We Keep Moving Forward
I’m writing this without knowing the results of our 2020 presidential election. I’m writing this as the entire world watches and waits. I am writing this as I wonder how we will move forward. After all of the votes have been counted, what happens next? Regardless of who is given the title of president for the next four years, there will be over 60 million people who want something different for this country. And I wonder how we can reconcile with each other for that.
I don’t think any of us know “the answer” to that question. There’s no magic wand that we can wave to fix the challenges we face as a society. But, even without these answers, we can recognize that each of us plays a critical and unquestionable role in our future as a country. Everyone’s road forward will look a little different and may be influenced by many factors. The issues or causes that are most important to you, your ability status, and decisions about your personal safety all may influence how you can engage. If you aren’t sure where to pick up and begin, these are some of the things that I have considered as a way to foster positive civic action:
- Talk about our divisions. We are a country divided. I hate to write those words. But it’s not a secret that we are politically and socially polarized. It’s contended that some of the reason for this is that we don’t talk about it. Well, at least not in the ways that matter. We need to unplug from our social media soapboxes, reach across this divide, and actually engage in thoughtful discourse. It will be messy and it will be scary, because we know what is at stake. But we need to find a way to navigate these conflicts in a way that doesn’t push us further apart and away from solutions.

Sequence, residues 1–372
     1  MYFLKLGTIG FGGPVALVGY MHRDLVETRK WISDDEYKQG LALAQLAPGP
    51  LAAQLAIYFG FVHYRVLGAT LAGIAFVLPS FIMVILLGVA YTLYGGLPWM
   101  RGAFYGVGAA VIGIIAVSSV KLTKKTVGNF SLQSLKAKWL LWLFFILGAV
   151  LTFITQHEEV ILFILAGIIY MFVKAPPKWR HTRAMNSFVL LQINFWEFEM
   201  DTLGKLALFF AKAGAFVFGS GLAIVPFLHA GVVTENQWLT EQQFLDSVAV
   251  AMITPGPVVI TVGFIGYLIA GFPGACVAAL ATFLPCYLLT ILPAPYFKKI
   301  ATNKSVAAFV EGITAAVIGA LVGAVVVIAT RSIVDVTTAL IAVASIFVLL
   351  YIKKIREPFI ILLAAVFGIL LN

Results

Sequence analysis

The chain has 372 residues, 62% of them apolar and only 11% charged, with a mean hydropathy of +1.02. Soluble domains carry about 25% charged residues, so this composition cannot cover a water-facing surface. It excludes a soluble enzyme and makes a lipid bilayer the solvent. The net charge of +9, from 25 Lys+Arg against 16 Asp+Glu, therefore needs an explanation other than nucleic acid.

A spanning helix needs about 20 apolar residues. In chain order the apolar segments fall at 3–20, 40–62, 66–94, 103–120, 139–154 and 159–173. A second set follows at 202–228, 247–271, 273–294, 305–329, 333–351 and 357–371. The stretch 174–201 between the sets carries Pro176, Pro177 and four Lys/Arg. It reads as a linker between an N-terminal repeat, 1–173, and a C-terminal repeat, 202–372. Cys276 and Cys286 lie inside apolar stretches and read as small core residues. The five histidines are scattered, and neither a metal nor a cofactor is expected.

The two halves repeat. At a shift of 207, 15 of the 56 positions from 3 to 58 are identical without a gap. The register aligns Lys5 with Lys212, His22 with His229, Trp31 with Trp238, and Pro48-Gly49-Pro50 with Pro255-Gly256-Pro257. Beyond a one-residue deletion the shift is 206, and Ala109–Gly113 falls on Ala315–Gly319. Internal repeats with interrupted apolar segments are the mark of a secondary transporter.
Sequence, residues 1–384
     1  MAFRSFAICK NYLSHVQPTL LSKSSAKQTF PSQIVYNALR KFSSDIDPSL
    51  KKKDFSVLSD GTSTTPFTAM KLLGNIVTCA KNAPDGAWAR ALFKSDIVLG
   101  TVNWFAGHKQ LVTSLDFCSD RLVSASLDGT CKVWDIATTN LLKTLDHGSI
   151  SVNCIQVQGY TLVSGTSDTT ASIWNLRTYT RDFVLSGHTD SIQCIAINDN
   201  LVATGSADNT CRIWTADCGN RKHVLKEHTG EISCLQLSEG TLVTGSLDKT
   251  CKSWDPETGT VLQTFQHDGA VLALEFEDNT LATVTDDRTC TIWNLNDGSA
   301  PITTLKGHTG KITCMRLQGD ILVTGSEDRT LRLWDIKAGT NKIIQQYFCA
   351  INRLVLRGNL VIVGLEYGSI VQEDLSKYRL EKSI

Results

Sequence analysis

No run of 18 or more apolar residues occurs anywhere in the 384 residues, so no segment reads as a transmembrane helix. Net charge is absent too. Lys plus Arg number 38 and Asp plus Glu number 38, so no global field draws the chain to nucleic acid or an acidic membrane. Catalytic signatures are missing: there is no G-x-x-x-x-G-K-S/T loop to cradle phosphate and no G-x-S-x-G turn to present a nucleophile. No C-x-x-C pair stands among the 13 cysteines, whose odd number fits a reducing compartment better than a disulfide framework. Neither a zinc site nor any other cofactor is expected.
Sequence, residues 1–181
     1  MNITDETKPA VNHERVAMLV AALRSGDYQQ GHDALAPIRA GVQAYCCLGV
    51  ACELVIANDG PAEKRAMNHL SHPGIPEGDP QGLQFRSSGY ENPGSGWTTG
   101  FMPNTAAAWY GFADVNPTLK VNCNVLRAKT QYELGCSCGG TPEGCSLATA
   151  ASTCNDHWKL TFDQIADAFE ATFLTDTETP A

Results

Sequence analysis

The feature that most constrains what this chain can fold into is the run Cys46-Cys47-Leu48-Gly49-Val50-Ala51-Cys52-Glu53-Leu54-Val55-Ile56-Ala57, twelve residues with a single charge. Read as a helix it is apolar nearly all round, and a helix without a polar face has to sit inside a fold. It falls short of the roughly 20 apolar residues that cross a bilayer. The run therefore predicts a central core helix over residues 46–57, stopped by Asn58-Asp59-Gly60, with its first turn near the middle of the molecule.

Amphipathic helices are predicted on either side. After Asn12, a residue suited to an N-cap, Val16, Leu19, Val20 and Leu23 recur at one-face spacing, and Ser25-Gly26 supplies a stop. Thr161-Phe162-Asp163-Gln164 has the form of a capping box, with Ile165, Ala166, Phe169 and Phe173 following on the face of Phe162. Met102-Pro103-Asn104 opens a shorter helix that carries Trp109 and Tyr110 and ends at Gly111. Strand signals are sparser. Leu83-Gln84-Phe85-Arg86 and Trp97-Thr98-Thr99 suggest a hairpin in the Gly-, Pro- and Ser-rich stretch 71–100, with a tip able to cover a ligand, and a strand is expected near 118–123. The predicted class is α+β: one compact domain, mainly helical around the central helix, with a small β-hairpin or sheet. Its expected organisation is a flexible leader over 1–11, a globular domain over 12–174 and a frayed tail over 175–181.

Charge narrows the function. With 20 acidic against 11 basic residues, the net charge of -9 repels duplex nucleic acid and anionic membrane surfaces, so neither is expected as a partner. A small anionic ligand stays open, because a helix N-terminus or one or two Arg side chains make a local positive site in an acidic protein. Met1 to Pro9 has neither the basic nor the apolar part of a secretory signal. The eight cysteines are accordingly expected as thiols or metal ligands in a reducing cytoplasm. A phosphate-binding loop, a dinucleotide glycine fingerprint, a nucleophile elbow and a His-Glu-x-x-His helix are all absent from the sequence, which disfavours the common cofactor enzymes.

- Get involved in the political process earlier. Elections might not happen every day, but the political process never stops. As citizens there are many ways that we can get involved in politics well before the next election. Consider attending city council meetings, taking steps to propose or initiate new legislation, running for local office, joining a board or commission, writing to your representatives, or volunteering for community organizations.
- Develop media literacy. Media literacy is what allows us to access, critically evaluate, and create media and media messages. Because we live in a time of media saturation, it is more important now than ever for us to be responsible consumers. We can start by simply asking ourselves two simple questions when looking at content, “What is the intent of this message? And who created it?”. These questions can help us to think critically about these sources and how they add to our knowledge base or opinions.
- Put effort into improving your community. Be a force for good by dedicating your time, knowledge, or resources to organizations and efforts that will positively impact others. Supporting small businesses, non-profit groups, and activists helps to build strong, connected communities while also placing societal importance on the issues and causes that are most important to citizens.
- Be willing and eager to keep learning. There is so much to know, about our own political and social issues alone, let alone everything else going on in the world. We don’t have to know everything or have our opinions etched in stone. It’s okay to say, “I don’t know, yet”. If we are open to learning then we can guarantee that what we know and what we believe will change over time. This process isn’t easy, and it can be confusing or uncomfortable, but it means that we are willing to change, to grow, and to keep up with our ever dynamic world.
Finally, stay involved and engaged. It’s easy to be an active participant in the political process on the precipice or in the wake of change. But, it’s just as easy to slip back into “business as usual” until the next election. Long lasting change is a process that takes resilience and endurance. Each generation has had to do this work and now it’s our turn.
I don’t know what will happen when the election is called. But I do know that we can all do something to make the world a better place for everyone (regardless of race, gender, ability, or creed) afterwards. Stay safe and healthy, and let’s keep moving forward.